Liverpool Quay by Moonlight illuminates night time in the industrial age.
Self-taught painter Atkinson Grimshaw was interested in all sources of light. His unique style is flooded with moonlight, dampened light from gas lit streets and the golden glow of shop windows in the night.
Working as a railway clerk until 1861, when at the age of 24 he quit to pursue a career in art – much to the dismay of both parents (his mother is rumoured to have thrown away all his paintings at one point).
Grimshaw found modest fame and fortune during his lifetime in England. Albeit – never running with the Royal Academy crowd in London, his limited audience and patrons were loyal; allowing him to live comfortably, paint fulltime and import a beautiful model, Agnes Leefe, to live at his family home – much to the disappointment of his wife (and cousin) Frances Hubbard.
Grimshaw’s early paintings of birds, blossoms and fruit adopted the vivid detail, accurate colours and natural lighting of the Pre-Raphaelites. However, by 1870 he consciously abandoned the Pre-Raphaelite palette for an ethereal elicitation of light, atmosphere and shadows – his moonlight paintings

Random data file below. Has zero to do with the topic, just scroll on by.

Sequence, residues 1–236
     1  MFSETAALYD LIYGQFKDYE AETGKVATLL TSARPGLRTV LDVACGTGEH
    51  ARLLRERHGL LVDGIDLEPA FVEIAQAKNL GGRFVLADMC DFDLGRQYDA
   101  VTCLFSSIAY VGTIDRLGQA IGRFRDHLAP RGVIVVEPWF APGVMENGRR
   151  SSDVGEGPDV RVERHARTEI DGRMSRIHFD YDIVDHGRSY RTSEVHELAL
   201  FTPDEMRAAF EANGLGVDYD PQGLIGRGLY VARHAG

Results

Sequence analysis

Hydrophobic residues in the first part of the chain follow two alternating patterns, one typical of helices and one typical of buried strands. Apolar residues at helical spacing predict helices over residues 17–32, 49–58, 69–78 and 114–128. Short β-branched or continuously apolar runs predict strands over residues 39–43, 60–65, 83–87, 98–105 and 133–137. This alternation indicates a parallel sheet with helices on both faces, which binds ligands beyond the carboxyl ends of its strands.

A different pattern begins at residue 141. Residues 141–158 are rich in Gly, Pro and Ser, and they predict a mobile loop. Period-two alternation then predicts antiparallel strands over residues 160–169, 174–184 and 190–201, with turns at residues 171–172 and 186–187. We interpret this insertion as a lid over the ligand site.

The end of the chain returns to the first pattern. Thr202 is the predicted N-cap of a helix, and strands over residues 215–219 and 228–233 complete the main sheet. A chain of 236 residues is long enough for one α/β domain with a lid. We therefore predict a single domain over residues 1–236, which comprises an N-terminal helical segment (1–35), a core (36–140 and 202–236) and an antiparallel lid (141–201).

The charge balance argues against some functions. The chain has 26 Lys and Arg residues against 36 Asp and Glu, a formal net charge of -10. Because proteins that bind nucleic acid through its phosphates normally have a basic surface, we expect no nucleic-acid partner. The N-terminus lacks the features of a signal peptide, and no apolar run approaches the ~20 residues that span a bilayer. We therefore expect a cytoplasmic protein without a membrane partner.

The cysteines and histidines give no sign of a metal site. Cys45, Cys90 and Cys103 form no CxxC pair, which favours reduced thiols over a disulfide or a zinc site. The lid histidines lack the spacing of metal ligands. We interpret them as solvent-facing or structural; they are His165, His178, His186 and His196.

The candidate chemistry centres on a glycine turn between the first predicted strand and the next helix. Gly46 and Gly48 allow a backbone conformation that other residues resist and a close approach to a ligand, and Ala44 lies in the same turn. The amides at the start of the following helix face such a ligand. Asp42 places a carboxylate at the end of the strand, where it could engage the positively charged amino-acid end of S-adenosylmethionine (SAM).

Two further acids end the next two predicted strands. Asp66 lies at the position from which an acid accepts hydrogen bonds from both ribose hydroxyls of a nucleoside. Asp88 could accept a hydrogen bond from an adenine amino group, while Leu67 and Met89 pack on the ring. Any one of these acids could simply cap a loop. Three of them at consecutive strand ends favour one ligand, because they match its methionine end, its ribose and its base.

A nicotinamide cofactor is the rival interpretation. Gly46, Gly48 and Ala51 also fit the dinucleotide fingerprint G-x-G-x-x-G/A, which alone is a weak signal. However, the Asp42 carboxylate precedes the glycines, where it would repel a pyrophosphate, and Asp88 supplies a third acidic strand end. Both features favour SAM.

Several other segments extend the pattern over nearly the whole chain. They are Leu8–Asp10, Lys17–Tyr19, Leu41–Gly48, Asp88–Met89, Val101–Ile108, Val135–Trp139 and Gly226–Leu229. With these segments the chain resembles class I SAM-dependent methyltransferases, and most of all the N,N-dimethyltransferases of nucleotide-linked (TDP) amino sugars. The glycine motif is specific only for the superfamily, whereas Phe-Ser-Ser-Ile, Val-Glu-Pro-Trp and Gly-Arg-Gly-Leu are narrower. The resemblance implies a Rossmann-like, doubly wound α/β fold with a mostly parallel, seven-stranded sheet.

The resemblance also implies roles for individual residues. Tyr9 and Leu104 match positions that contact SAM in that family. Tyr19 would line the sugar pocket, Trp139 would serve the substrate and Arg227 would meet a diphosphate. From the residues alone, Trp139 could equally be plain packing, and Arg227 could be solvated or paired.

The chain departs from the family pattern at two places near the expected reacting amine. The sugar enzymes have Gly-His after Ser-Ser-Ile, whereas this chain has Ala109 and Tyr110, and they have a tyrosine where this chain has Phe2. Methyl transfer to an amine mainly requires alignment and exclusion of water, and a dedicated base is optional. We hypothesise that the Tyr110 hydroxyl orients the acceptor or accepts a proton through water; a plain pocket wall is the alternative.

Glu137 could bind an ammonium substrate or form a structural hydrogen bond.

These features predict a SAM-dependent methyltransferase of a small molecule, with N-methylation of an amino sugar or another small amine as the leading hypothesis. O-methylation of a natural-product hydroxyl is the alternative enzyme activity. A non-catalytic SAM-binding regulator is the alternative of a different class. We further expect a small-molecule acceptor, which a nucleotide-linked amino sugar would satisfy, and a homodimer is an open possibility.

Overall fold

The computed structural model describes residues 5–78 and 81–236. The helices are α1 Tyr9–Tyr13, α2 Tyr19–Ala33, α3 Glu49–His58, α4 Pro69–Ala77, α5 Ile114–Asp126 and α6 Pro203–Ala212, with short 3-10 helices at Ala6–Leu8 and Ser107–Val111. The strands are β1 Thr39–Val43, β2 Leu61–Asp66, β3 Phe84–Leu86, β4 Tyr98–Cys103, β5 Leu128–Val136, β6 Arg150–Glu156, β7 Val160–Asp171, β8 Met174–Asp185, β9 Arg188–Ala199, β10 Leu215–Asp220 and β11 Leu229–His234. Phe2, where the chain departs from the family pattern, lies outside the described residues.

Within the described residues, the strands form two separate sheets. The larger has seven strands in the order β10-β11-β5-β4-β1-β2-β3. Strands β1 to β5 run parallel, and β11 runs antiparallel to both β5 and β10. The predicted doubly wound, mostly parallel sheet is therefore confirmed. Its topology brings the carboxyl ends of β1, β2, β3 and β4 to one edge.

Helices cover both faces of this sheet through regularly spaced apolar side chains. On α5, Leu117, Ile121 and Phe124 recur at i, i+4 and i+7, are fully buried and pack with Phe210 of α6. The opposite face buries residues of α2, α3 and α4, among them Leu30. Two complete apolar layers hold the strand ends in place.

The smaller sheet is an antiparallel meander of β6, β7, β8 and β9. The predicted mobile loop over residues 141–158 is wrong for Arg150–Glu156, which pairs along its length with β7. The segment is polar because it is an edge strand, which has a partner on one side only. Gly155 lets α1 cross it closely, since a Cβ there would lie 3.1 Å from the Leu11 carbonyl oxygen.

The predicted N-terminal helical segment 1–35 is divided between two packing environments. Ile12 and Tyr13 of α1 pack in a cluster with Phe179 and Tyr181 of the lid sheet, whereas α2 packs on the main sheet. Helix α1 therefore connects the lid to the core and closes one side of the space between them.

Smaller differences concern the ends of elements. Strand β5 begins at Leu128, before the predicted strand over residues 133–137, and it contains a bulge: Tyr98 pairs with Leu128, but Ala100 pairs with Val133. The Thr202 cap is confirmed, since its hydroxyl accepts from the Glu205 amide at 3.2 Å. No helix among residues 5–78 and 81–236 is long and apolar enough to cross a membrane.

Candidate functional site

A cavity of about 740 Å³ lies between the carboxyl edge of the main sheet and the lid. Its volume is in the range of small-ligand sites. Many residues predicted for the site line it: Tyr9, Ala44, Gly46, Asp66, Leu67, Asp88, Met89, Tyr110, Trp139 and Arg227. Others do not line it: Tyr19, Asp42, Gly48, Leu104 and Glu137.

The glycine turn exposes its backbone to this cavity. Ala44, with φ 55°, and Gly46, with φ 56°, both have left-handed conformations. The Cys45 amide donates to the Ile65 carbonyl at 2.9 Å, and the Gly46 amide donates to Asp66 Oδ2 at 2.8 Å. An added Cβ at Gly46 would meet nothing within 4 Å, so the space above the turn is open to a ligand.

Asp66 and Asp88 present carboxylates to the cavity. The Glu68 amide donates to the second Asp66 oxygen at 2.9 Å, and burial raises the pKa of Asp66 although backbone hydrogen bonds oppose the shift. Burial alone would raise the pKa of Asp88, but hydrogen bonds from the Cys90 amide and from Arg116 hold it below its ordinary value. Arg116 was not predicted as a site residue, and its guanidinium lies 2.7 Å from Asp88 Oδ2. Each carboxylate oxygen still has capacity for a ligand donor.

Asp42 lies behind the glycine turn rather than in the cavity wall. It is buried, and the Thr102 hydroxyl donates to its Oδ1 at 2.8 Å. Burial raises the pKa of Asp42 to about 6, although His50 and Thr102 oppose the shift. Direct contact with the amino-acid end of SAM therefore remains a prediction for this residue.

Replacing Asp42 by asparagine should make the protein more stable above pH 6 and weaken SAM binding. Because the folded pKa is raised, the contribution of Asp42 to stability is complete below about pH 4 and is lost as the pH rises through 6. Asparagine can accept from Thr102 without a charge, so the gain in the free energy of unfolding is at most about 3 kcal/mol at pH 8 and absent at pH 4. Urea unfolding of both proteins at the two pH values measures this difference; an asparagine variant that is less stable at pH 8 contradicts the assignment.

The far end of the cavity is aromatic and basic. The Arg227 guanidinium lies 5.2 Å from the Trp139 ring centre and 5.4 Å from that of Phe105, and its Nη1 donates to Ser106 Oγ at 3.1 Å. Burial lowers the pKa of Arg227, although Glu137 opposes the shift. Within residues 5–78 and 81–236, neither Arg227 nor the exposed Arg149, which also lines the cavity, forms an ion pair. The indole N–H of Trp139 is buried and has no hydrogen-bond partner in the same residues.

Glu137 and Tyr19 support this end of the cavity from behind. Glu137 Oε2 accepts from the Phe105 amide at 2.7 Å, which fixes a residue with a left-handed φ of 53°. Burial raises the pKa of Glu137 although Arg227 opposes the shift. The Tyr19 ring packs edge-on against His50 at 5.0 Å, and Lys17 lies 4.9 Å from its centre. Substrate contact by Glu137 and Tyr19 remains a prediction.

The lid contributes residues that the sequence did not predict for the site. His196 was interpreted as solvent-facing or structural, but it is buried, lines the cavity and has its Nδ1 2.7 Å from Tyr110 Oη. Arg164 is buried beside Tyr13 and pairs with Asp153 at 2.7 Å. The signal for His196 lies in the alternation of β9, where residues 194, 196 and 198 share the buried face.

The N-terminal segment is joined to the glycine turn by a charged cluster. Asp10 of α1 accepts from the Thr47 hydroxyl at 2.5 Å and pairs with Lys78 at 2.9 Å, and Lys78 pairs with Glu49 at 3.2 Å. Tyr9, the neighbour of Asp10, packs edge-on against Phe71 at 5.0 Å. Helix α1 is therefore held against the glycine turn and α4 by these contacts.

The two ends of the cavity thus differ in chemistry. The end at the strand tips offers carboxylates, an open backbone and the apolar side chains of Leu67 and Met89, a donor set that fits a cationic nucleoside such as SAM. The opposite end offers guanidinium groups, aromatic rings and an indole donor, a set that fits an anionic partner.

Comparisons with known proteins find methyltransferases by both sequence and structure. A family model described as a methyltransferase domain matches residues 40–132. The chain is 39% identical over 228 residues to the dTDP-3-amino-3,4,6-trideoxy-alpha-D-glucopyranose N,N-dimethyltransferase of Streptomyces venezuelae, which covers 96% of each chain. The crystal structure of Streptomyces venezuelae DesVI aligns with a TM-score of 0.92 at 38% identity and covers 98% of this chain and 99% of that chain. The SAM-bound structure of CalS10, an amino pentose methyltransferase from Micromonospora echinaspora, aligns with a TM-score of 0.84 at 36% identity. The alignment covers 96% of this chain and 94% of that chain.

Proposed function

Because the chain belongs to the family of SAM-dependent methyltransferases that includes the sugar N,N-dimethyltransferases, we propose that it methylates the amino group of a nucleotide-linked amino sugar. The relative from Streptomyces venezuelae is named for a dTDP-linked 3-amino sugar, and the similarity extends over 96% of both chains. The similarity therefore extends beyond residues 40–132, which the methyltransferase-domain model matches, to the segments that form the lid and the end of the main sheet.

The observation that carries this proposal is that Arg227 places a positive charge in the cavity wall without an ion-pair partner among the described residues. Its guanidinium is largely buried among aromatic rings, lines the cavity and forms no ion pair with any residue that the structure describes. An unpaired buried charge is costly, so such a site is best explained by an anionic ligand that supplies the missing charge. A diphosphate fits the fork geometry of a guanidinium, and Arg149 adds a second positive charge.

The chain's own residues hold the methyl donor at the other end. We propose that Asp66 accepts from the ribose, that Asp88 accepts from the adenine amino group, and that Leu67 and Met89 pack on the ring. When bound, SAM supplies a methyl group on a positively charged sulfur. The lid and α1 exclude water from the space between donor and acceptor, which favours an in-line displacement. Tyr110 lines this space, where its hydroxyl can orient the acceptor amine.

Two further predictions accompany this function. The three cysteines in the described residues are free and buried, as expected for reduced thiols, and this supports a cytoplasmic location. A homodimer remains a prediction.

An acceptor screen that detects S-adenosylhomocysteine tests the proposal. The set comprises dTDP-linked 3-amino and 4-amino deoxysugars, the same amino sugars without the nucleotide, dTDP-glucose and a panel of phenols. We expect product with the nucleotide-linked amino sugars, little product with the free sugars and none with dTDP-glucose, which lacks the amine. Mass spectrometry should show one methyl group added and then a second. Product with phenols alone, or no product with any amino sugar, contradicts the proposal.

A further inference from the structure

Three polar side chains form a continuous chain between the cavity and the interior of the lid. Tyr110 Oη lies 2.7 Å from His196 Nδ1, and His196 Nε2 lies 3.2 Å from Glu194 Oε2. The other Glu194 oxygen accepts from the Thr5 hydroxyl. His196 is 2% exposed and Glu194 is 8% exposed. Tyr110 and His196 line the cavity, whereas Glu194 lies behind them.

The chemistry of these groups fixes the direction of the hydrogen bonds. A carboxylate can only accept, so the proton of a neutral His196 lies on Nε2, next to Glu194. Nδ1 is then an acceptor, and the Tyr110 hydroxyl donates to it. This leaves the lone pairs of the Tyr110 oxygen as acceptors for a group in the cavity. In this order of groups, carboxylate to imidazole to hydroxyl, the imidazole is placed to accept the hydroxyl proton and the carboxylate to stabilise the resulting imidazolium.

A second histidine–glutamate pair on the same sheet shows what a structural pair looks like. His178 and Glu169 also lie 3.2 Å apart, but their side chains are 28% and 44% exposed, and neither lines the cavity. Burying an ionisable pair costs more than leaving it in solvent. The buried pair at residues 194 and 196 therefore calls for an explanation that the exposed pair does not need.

Liverpool Quay by Moonlight isn’t a comment on any specific evil of the metropolis; it is a study of light. The way the light reflects on surfaces and interacts with the town, the gas lamps lining the street involuntarily comment on the moon. The greenish glow of moonlight filtering in through the smoke and fog creates an unexplained air of mystery – something imminent lurking in the shadows. Grimshaw’s stark realism conveys the damp chill in the air. Flaxen streams of light from shop fronts irradiate the fog hanging heavily on dewy streets. His paintbrush works like a camera – capturing every insignificant detail.
Very little is known about Atkinson Grimshaw, he left behind no diaries, sketchbooks or letters for historians. It wasn’t until Victorian painting came back into favour in the 1960s that his work became recognised and widely collected.
Liverpool Quay by Moonlight, 1887, courtesy Tate Britain
Helen D. Cogswell